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Removing Policy-based Comparative Advantage for Energy Intensive Production: Necessary Adjustments of the Real Exchange Rate and Industry Structure

Increased transmission capacity and diminishing returns to scale in power production capacities have raised the opportunity cost of electricity in many countries. The resulting market changes have often been counteracted by policy, i.e. subsidized electricity prices to for instance energy intensive industries. Firm data, emphasizing cost heterogeneity, confirm that a large share of Norwegian energy intensive firms would not be profitable in the long run if they lose their present electricity subsidies. However, CGE estimates show that removing the subsidies allows a tax cut that is more than sufficient to bring about the changes in relative prices needed to restore internal and external balances.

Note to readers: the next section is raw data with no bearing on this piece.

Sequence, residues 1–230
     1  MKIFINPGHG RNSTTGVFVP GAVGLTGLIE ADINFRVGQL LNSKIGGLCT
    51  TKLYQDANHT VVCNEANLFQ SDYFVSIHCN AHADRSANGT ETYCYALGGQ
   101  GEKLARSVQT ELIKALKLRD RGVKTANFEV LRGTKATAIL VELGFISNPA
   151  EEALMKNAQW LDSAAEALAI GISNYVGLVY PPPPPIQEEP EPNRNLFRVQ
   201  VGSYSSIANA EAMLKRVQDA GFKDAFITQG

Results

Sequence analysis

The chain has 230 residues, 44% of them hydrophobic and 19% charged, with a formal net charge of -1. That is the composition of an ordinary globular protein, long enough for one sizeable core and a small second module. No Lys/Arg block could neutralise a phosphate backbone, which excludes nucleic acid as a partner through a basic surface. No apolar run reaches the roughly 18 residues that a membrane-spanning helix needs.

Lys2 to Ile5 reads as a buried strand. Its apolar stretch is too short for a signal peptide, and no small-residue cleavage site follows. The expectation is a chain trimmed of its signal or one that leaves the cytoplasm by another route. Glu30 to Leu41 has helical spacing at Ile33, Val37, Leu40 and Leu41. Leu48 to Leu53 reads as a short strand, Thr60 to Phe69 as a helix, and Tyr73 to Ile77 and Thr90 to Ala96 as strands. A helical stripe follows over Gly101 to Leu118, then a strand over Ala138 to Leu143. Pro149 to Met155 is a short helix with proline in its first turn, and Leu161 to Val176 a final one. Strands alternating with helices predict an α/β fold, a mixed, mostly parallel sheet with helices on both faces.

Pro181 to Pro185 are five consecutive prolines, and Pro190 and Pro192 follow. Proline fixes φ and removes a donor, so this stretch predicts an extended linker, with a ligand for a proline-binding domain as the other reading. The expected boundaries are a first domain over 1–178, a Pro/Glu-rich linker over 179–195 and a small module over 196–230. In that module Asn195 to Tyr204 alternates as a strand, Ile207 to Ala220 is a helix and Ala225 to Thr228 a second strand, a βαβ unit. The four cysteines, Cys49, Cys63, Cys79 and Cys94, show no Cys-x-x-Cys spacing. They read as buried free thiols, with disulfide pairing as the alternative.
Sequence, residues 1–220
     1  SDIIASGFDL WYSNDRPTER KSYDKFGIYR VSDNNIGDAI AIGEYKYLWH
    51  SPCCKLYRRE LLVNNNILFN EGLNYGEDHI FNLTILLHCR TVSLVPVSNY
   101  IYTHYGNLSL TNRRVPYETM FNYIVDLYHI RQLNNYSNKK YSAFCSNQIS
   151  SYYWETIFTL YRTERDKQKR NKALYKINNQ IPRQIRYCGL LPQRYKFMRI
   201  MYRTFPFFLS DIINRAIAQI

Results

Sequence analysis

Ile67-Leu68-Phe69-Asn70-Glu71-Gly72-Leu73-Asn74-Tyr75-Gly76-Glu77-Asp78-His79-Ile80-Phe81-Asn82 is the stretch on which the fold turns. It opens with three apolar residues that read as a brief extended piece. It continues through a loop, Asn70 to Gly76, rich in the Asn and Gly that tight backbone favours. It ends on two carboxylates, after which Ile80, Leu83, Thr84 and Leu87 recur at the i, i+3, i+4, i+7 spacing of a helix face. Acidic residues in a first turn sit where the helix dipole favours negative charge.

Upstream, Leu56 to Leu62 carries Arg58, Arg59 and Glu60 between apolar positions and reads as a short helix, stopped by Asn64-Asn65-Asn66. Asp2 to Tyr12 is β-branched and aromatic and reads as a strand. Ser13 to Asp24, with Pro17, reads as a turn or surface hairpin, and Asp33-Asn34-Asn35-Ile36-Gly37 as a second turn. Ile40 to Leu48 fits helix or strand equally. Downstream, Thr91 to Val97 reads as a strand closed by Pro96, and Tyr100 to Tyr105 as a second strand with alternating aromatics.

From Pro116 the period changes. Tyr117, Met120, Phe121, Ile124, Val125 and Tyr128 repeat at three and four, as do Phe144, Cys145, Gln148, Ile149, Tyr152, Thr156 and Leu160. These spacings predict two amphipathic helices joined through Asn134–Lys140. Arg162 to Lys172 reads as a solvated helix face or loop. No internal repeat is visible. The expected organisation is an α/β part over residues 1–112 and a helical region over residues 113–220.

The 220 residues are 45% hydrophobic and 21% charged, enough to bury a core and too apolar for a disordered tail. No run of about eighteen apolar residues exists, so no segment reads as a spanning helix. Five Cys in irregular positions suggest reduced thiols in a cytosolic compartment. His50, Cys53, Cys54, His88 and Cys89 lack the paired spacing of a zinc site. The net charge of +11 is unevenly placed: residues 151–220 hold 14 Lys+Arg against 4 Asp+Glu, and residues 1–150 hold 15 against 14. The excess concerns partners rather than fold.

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Energy Specializations: Energy Modeling – Energy Data, Modeling, and Policy Analysis; Energy and the Economy – Energy as a Productive Input; Energy and the Economy –Economic Growth and Energy Demand; Energy and the Economy – Resource Endowments and Economic Performance; Energy and the Economy – Energy Shocks and Business Cycles

JEL Codes:
E61 - Policy Objectives; Policy Designs and Consistency; Policy Coordination
O13 - Economic Development: Agriculture; Natural Resources; Energy; Environment; Other Primary Products
Q34 - Natural Resources and Domestic and International Conflicts
F44 - International Business Cycles

Keywords: Industry policy, Comparative advantage, Structural change

DOI: 10.5547/ISSN0195-6574-EJ-Vol31-No1-8

Published in Volume 31, Number 1 of The Quarterly Journal of the IAEE's Energy Economics Education Foundation.